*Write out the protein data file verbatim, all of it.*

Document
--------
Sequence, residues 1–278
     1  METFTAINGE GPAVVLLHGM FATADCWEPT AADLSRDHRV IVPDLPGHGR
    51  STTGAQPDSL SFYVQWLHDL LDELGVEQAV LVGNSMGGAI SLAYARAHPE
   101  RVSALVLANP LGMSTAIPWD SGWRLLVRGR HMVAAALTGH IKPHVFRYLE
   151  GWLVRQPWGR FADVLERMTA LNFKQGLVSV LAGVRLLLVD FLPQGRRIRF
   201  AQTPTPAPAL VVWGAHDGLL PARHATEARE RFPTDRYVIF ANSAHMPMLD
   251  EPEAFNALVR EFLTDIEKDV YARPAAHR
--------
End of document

Sequence, residues 1–278
     1  METFTAINGE GPAVVLLHGM FATADCWEPT AADLSRDHRV IVPDLPGHGR
    51  STTGAQPDSL SFYVQWLHDL LDELGVEQAV LVGNSMGGAI SLAYARAHPE
   101  RVSALVLANP LGMSTAIPWD SGWRLLVRGR HMVAAALTGH IKPHVFRYLE
   151  GWLVRQPWGR FADVLERMTA LNFKQGLVSV LAGVRLLLVD FLPQGRRIRF
   201  AQTPTPAPAL VVWGAHDGLL PARHATEARE RFPTDRYVIF ANSAHMPMLD
   251  EPEAFNALVR EFLTDIEKDV YARPAAHR